I listen to the people of the western suburbs of Sydney, and they tell me that small-income earners of this country need the support of this government. They need to have access to the wealth of this country and, unless action is taken, many people will never own a home or have any major assets. We need to break this cycle. I share these sentiments. As somebody who grew up in a housing commission home in western Sydney, I watched my parents struggle to save and acquire any major assets. I know what it is like to see a generation of a family that has almost no material wealth to show—no home and no car.

I also know from personal experience what it is like to try and survive on an apprentice's wage and to save for the future. I soon learned the hard reality of balancing a budget when I left school and took up my first job as an apprentice motor mechanic at the age of 15. While I struggled and managed to put aside something for my future, many around me were unable to. It is these people that this scheme will be most attractive to. It will plant the savings seed in them and encourage them to make the effort to get ahead in later life.

Schemes like this would have been perfect for my own family and would have ensured they had some assets with which to retire and to pass on to the family or for them to just enjoy the security in their later years. It is the great Australian dream to own your own home. Families feel they have really achieved something if they have done that. The reason why they feel so satisfied when they own their own home is that they have a sense of security—just to own an asset, just to have something behind them. I am not pretending to say that the amount saved by this scheme will pay for our security, but certainly it is a big help.

The government co-contribution scheme will give the low-income earners of Campbelltown and Camden—indeed, those in all of the Macarthur region and in all similar areas throughout Australia—the incentive and encouragement that they need. I am sure that every member in this House would agree that it is a great incentive and will encourage low-income earners to save money, especially when this money can be used towards their children's future or to simply give them security in later retirement.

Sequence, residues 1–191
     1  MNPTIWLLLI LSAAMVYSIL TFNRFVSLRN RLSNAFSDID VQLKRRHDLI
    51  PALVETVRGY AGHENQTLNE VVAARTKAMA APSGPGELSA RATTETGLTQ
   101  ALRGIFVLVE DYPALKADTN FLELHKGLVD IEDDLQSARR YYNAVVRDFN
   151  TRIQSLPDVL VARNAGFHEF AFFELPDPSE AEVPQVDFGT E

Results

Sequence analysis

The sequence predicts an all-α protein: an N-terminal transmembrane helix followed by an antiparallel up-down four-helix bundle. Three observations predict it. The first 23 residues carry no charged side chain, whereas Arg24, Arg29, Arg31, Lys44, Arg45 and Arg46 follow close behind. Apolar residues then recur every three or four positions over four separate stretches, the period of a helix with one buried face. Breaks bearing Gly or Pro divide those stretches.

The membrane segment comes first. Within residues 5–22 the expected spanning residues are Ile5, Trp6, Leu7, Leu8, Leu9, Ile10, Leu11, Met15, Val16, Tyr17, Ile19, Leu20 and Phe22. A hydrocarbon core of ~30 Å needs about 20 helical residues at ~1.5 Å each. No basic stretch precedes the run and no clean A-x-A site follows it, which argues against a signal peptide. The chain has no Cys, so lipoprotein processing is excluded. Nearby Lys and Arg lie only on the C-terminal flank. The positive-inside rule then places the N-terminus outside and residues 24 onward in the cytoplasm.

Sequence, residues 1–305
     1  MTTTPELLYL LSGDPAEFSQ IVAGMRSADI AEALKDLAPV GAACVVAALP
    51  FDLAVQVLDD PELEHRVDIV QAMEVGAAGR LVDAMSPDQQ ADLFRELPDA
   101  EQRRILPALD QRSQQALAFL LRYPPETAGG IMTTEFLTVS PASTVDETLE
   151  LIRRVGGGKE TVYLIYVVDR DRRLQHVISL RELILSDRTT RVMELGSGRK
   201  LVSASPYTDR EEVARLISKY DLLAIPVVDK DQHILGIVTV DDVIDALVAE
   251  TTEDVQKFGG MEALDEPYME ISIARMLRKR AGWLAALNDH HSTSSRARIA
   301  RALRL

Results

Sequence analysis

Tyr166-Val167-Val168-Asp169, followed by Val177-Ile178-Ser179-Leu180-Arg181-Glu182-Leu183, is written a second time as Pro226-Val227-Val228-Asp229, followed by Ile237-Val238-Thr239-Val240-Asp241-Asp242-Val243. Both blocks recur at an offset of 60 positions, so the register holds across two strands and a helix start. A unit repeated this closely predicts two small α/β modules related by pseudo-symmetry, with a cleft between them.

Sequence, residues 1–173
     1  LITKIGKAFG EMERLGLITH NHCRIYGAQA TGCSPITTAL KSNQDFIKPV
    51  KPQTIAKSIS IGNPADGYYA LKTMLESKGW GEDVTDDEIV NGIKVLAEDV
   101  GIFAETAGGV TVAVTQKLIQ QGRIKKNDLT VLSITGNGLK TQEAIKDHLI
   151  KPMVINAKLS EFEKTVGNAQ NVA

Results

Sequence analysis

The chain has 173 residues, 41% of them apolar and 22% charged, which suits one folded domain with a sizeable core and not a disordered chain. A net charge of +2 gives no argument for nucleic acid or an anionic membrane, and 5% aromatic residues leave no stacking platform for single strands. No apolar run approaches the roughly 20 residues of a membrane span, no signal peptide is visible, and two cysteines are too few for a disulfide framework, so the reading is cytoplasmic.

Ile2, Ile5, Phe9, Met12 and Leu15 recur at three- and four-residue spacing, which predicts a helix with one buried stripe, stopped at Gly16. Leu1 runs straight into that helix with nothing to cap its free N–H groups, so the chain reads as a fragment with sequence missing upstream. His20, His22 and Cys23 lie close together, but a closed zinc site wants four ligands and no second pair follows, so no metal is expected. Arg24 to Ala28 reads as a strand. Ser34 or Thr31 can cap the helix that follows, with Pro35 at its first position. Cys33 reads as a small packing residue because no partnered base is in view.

I look forward to bipartisan support from the members opposite. This government feels that it is only just and proper that the low-income earners in this country, after working hard for their whole lives, can have something to show for their hard work, be it for their own future or for their children's future. That is why I strongly commend these bills to the House. It is a sensible and practical approach that will help thousands of low-income families, like those in my electorate of Macarthur, to create a nest egg for their future. It is the type of program that is much needed in this country.

It is often said that this government is not hearing what people on the ground are saying. It is often said that it is not in touch with low-income earners, with people out there on Struggle Street, who are trying hard to secure a future for themselves and are trying to break the poverty cycle for future generations. These bills show that the government is in touch with people in those communities and it is sensibly trying to do something about that. It is working hard towards trying to provide not only a nest egg but, as I mentioned earlier, some real security for people in their later lives so that they can feel comfortable in their retirement and be able to move on from those points to help support their children and their children's children in later years.

This is an important amount of money—it is a serious amount of money for people in my area. As I mentioned earlier, 40 per cent of the people in the Macarthur area earn the amount of money needed to qualify for this program—around $20,000 per year. It is very important that these people are supported, and the government is showing this. By simply contributing a small amount of their pre-tax wage, people can make a real difference to their later lives in retirement. I commend these bills to the House.